The tracks split and became faint after we turned onto the Evans Peak trail. There was some post-holing but nothing worth noting. The trail brought us up and over a flatter bump before the crux section. There was a fixed rope and the rope was visible under the snow, but could not be dug out. I gave Wendy and ice axe and carefully kicked steps up the 40-degree no-fall zone with my mountaineering boots. There was another stretch of 40-degree snow climbing above the crux where we had to be careful. The summit was pretty soon reached once the steepness gave way to the flat summit ridge. We opted to descend the north ridge for a ways for extra exploring.

Wendy on the flatter section on the ridge now

This is right below the crux pitch

Wendy above the second steep step now

Onto the summit ridge, the view suddenly opened up

The east faces of Blanshard Needle and Edge Peak

Alouette Lake where we started from

Mt. Robie Reid which I bagged in August 2017

Mt. Judge Howay with Robertson poking behind

A closer look at Blanshard Needle

Exploring down the north ridge for more views

Partial Summit Panorama from Evans Peak. Click to view large size.

Wendy hiking down to another bump on the north ridge

Me on the north ridge extension taking in views. Photo by Wendy M.

Northern view towards Mt. Robie Reid

Alouette Lake and Mt. Crickmer

Wendy taking in the views

Me on Evans Peak. Photo by Wendy M.

This northern bump is an ideal spot for Insta shots.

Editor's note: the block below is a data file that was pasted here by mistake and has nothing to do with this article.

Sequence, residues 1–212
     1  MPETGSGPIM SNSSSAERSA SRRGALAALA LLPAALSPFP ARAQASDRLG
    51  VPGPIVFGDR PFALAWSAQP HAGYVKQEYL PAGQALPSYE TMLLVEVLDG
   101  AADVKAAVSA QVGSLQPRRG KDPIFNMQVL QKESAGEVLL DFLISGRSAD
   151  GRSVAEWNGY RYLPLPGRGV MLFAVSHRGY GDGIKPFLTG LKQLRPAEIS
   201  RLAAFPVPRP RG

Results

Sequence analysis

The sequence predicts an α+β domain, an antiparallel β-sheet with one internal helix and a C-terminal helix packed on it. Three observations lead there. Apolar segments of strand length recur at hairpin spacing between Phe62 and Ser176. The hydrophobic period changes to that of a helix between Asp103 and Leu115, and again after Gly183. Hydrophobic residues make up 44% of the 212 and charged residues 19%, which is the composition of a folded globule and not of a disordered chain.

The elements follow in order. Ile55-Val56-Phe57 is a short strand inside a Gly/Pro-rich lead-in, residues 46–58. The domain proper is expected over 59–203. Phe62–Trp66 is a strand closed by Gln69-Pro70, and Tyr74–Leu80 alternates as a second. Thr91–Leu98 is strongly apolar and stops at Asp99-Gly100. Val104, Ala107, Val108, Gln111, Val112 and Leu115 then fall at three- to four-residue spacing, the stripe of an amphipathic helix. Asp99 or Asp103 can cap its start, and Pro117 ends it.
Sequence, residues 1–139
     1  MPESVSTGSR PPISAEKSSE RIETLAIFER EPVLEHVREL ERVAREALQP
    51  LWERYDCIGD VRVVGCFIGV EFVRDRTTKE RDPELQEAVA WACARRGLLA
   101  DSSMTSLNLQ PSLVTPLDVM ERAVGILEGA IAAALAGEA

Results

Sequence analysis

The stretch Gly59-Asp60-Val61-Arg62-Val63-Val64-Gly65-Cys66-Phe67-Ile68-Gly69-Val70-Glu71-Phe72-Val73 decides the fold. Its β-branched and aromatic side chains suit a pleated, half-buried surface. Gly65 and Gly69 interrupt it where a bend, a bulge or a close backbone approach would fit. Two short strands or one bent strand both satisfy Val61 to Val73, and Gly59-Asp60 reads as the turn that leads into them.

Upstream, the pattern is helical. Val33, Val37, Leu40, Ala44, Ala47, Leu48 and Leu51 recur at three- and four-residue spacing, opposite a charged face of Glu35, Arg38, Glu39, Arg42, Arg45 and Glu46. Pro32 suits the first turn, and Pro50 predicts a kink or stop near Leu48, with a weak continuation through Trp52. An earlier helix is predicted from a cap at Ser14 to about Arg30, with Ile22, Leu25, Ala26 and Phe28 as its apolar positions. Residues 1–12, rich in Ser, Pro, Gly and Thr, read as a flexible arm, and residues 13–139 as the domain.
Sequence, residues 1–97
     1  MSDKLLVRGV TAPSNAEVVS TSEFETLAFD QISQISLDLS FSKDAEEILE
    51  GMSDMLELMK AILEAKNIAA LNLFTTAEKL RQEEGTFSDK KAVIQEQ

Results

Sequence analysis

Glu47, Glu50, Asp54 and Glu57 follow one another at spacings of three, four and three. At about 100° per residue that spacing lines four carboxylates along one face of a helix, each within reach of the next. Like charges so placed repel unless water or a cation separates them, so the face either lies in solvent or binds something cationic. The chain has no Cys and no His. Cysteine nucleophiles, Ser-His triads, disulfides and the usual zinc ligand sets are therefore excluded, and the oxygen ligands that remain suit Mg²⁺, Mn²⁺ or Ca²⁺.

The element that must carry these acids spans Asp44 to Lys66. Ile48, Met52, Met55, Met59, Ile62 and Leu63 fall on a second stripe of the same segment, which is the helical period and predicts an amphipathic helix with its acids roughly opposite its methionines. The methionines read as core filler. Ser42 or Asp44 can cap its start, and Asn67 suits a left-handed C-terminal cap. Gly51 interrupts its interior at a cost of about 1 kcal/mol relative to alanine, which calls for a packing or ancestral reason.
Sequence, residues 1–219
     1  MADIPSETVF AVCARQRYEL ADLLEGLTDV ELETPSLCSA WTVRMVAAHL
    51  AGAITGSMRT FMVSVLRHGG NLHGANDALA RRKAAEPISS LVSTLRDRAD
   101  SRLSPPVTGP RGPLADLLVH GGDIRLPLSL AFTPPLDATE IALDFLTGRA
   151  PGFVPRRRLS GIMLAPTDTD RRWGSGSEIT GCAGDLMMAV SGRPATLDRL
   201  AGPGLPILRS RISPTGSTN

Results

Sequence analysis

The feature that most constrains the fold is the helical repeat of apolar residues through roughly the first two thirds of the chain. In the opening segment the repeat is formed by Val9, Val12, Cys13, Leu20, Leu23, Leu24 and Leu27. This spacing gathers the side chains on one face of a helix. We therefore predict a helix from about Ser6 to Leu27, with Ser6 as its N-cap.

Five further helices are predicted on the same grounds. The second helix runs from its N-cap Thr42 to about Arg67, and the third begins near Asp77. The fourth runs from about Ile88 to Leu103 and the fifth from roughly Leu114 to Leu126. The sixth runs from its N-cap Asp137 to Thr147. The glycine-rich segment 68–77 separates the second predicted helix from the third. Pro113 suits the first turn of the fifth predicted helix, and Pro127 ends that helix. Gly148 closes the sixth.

Wendy and Edge Peak

Hiking back across the north ridge

Wendy hiking on Evans Peak ridge

Wendy and I on the summit of Evans Peak

After an hour or so on the summit areas we opted to descend. For the crux zone I pulled out the rope and set up two rappels for Wendy. I then down-climbed with the rope used as a hand line. The snow became soft in no time as we descended further into the woods so the crampons were removed, and then traded off for microspikes, which seemed to offer better grip. I on the other hand, did not use any traction device. Down to where I ditched the trail shoes I couldn’t locate the shoes even after at least three laps of searching. I figured they must be either stolen or taken away by animals. With some great frustration we had to continue descending, and to my surprise I found my shoes at the Viewpoint loop / Evans Peak junction. Thanks a lot to whomever that relocated my shoes to a more visible place. To explore more we descended the southern loop and did a side trip to the “viewpoint”.

Me and Alouette Lake. Photo by Wendy M.

On rappel.

This is the second rappel

Another view of these icicles

Falling in kinda fun…

The typical forested descent where things aren’t steep…

Running out of snow here ,taking microspikes off

Found my shoes! Thanks!

Mt. Crickmer from the lower “viewpoint”. Kinda not worth the detour

Back to the flat trail.

A review shot of Evans Peak from the trail-head.

The round trip time was 7 hours 20 minutes. We thought about to explore the shore of Alouette Lake for more photos but the traffic was horrendous with vehicles lining up to cross a (single lane) bridge. We immediately turned around as we didn’t want to see hordes of people anyway. An hour or so later we were back to White Rock, and I had to get ready for my evening work, and yes I worked to 9:30 pm. That concluded another exhausting but satisfying day.